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White House Would Support Bigger Cigarette Tax Hike

WASHINGTON (AllPolitics, May 15) -- President Bill Clinton would support an amendment to the present tobacco bill that would raise cigarette taxes to $1.50 a pack, 40 cents more than what the legislation now calls for, according to senior Senate Democrats.

"I think they will clearly accept $1.50 if we can get it done," said Senate Minority Leader Tom Daschle.


The proposed tobacco tax increase, narrowly approved by a 10-9 vote by the Senate Finance Committee Thursday, has irked both tobacco-state Democrats and conservative Republicans. Critics contend the tax hike, an attempt to discourage teenage smoking, will hurt tobacco farmers and counters the tax-cutting efforts of the GOP.

In addition to a tax increase, tobacco legislation sponsored by Sen. John McCain (R-Ariz.) would give new powers to the Food and Drug Adminstration (FDA). It would also cost the tobacco industry an estimated $516 billion over 25 years in an effort to offset the public costs and health-toll smoking has had on the nation. The bill would provide tobacco companies with limits on, but not exemption from, liability in civil law suits.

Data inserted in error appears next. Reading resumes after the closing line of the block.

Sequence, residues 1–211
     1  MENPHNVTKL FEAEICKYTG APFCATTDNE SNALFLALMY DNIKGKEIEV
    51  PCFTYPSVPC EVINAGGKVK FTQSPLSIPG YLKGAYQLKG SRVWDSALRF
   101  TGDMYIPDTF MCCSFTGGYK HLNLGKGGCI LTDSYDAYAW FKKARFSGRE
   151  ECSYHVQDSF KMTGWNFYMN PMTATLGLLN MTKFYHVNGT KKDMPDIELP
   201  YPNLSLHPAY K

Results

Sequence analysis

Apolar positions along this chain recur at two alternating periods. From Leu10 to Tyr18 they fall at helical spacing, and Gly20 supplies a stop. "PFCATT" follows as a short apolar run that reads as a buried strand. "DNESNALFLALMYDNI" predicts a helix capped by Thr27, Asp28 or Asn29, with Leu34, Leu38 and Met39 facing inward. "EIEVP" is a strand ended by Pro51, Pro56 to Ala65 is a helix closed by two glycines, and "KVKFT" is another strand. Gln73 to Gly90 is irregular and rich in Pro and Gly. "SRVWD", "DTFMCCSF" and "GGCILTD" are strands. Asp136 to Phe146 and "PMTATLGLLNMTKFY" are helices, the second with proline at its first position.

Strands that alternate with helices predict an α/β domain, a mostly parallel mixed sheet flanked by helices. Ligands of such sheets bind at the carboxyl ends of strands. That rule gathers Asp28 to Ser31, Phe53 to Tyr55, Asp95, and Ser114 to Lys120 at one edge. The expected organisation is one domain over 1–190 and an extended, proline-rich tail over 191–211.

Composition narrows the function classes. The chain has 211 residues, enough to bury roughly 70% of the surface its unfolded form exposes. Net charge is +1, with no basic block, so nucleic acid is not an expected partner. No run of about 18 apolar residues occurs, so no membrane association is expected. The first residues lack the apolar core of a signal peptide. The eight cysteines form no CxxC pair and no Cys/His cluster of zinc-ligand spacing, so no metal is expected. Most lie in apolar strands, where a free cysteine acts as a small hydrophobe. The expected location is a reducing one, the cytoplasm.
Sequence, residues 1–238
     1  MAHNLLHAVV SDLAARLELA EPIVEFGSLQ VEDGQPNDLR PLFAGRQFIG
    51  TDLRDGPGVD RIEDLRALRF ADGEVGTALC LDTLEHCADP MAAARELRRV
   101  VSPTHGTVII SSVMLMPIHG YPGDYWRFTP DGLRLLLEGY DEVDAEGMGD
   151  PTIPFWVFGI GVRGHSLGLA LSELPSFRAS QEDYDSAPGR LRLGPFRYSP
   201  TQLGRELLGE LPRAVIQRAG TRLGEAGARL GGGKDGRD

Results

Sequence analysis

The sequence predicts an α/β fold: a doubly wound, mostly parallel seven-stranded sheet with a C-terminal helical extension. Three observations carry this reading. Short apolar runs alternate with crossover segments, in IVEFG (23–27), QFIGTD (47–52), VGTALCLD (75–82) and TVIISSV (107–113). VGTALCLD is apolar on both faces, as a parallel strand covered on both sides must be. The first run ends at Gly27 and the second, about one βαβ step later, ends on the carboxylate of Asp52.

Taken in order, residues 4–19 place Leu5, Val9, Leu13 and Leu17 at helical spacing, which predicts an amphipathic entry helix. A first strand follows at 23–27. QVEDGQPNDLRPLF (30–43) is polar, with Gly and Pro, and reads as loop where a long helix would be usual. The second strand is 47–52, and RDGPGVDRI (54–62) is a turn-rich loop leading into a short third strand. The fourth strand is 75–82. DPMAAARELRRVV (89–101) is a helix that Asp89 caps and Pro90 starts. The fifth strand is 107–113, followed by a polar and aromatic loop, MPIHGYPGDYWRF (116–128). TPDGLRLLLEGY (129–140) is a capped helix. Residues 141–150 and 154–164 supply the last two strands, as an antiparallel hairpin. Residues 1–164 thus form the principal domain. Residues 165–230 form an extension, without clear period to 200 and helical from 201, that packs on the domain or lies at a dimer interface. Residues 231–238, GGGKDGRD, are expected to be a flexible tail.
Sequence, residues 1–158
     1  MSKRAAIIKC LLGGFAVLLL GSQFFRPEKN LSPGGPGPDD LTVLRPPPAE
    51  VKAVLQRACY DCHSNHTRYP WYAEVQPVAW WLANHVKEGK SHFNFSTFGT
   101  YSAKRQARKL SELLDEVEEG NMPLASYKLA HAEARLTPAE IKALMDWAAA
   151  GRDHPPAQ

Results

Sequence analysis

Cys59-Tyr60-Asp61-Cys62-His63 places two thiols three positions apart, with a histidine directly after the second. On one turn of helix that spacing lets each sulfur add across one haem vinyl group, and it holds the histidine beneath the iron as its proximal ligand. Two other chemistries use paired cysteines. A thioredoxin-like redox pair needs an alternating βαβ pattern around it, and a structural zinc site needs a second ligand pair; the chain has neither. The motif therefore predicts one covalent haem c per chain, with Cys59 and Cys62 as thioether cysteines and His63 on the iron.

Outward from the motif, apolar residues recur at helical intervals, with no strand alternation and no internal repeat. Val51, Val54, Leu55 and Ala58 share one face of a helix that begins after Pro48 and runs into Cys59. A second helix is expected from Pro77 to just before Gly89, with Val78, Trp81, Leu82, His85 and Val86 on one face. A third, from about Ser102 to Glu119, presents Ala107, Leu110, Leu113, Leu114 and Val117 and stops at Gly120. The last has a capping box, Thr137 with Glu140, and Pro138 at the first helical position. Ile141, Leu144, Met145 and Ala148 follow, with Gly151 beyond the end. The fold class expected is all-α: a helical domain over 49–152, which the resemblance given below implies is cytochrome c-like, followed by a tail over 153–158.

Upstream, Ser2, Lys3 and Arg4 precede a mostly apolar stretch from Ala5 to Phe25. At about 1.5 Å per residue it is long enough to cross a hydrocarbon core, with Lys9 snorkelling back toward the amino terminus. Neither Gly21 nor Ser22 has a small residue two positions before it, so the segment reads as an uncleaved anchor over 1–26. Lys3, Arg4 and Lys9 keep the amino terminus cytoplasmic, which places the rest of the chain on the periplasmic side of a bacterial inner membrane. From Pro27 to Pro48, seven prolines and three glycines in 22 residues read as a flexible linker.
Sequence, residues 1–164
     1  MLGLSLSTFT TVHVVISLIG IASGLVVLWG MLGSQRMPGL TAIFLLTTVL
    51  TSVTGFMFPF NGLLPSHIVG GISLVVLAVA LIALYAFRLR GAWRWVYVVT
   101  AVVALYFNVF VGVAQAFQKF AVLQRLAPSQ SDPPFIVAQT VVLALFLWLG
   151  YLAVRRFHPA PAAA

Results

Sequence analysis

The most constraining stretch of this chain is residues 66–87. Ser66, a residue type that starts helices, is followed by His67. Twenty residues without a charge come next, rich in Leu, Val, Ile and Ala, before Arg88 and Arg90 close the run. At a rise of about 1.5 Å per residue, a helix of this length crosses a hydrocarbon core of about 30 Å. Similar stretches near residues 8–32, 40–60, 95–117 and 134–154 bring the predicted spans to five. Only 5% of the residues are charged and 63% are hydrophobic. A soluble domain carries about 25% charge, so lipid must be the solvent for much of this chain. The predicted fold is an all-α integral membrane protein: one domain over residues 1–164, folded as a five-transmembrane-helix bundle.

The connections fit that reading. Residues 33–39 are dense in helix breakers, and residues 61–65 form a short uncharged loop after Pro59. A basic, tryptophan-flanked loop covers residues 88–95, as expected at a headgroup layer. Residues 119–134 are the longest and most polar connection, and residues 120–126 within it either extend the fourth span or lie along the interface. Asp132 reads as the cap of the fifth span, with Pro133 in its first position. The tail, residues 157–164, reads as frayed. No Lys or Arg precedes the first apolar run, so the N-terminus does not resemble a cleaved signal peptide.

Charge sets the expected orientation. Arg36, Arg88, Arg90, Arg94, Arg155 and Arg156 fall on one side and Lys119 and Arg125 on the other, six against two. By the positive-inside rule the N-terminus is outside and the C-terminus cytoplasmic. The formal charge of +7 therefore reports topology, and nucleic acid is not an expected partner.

Administration officials and aides to Sen. McCain agreed to strengthen the bill before it goes to the Senate floor next Monday. The cigarette companies' liability cap would be raised to $8 billion a year with stricter penalties for companies if teenage smoking does not drop as hoped.

Another change by the Senate Finance Committee would give a larger share of cigarette tax revenues to the states: 30 percent from 1999 to 2003, and 45 percent thereafter.

Despite staunch opposition to the bill, Daschle expects it to pass.

"I believe that we have 45 Democrats who are prepared to support a tobacco bill, and there are at least 15 Republicans," he said Thursday.

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Friday, May 15, 1998

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